If we fail to make an idea work, we need to stop and ascertain the cause of the failure (i.e. answer the question 'why?'), and then attempt to correct our design.A chess problem that cropped up in tactics training yesterday immediately reminded me of a game I had seen working through the compositions of Gioachino Greco, but the solution in Greco fails. Noting the failure, I considered why it failed and calculated the remedy. The whole process required about 23 seconds.
Paata Gaprindashvili, Imagination in Chess (2004), 40.
This elementary exercise serves to supplement my posts, "Patterns and Calculation" (23 December 2016), "Patterns: Some Evidence" (11 January 2017), and to highlight my endorsement of Paata Gaprindashvili, Imagination in Chess (see "Imagination in Chess").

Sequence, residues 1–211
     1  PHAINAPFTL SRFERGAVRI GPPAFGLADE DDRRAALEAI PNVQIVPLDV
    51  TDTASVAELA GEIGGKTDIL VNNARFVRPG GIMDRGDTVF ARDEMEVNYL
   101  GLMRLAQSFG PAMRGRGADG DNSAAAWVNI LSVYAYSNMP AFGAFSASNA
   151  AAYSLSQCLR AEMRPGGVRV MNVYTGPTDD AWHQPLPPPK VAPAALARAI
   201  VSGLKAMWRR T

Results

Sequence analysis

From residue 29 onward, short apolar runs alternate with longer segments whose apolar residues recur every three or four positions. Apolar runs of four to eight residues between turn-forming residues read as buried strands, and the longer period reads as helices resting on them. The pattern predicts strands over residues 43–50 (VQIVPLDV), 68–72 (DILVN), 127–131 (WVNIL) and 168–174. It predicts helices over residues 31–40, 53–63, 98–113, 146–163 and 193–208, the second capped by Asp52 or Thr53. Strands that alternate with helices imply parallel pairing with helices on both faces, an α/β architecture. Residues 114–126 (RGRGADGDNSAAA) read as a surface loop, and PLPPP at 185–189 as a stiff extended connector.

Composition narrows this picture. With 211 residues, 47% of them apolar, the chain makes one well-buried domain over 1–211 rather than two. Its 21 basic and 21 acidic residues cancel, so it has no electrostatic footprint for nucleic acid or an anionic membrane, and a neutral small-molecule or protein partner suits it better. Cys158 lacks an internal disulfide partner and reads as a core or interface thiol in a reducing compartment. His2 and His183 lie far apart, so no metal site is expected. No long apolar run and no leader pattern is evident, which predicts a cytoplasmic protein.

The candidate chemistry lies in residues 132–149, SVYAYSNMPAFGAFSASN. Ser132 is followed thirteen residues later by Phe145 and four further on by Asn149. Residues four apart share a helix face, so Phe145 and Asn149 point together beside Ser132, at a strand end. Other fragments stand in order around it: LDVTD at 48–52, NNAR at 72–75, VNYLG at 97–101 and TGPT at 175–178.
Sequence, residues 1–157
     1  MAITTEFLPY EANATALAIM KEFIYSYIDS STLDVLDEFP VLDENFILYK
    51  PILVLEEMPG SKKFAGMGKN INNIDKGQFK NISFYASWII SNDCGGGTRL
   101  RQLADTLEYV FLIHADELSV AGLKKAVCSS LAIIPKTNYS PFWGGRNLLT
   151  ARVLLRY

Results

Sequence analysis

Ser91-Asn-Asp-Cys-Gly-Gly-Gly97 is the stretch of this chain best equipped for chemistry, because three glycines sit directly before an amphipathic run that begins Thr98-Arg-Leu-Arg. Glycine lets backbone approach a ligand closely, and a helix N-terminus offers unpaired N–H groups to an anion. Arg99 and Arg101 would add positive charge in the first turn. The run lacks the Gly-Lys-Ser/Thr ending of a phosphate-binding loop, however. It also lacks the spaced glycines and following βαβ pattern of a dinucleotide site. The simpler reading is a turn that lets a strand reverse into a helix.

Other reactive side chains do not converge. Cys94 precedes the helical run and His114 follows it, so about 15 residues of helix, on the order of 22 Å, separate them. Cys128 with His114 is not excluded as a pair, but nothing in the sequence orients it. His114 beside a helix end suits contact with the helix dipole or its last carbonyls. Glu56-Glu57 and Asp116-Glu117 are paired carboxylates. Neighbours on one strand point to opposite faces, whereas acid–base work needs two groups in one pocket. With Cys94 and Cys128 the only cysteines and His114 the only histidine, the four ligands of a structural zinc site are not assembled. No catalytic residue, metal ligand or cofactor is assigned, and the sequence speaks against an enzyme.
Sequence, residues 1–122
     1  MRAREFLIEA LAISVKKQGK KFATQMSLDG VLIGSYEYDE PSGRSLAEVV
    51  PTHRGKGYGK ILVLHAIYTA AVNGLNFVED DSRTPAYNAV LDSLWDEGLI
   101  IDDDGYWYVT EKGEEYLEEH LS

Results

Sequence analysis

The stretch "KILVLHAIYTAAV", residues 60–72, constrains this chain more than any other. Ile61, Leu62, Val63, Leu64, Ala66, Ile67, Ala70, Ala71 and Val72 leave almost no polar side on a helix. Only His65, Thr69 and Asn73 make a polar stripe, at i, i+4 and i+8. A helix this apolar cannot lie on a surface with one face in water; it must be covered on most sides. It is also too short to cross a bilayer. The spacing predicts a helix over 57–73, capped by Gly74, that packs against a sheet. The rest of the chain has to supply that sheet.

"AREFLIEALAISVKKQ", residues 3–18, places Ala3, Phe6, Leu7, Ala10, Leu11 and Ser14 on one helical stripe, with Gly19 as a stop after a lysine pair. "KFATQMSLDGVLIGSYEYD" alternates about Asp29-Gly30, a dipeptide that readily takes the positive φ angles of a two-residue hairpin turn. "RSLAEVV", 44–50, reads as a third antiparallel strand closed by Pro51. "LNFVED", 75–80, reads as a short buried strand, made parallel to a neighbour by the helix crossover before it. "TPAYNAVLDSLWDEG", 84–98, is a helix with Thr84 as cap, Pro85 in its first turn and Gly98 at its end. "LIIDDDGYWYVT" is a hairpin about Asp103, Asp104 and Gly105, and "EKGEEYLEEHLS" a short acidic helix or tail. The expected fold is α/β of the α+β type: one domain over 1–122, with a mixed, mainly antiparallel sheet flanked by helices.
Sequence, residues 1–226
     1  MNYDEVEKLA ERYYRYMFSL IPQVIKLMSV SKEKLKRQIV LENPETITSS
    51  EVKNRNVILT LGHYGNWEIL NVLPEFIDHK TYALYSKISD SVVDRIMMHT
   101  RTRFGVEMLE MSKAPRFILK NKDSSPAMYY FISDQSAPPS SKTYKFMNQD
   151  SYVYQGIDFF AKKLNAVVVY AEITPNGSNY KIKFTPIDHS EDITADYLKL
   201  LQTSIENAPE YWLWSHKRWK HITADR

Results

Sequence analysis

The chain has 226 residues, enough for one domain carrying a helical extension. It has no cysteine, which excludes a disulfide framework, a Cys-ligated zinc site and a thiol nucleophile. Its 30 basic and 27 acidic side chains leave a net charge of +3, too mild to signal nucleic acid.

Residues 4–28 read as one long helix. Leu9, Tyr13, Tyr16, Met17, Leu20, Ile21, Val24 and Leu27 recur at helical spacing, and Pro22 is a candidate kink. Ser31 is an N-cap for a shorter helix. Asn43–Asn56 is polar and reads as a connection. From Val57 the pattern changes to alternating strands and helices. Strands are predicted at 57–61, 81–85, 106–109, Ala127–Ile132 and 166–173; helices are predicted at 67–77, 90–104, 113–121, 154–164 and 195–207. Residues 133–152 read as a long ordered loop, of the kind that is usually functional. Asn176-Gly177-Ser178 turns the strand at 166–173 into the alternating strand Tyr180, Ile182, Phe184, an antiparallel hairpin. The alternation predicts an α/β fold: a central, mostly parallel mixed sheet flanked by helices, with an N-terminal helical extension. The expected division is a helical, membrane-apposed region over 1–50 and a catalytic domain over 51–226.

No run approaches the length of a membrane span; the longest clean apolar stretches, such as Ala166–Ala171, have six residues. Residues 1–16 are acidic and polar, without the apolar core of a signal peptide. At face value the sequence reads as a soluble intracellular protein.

White to move
The position arose in a correspondence game on Chess.com and was presented to me through the tactic trainer there. That game was a Ponziani in which Black blundered early.
Greco's game arose via a King's Gambit. I present it as it appears in Francis Beale, Royall Game of Chesse Play (1656).
Gambett LIII (Greco) [C37]
1.e4 e5 2.f4 exf4 3.Nf3 g5 4.Bc4 h6 5.h4 f6 6.Ne5 fxe5 7.Qh5+ Ke7 8.Qf7+ Kd6
White to move
9.Qd5+ Ke7 10.Qxe5# 1–0
The checkmate pattern in both games is the same, except that there is an alternative checkmate in the tactics problem if Black moves the king after White's initial move. The key difference, however, is that Black's knight guards e5 in the tactics problem. Hence, applying Gaprindashvili's advice, White must first lure this knight to e5, then execute the winning queen maneuver.
Instant recognition of patterns can be trained and aids in the development of chess strength. The same pattern often occurs in seemingly dissimilar games. Recognizing the pattern offers a plan, but calculation remains a necessary component to verify that the pattern has application.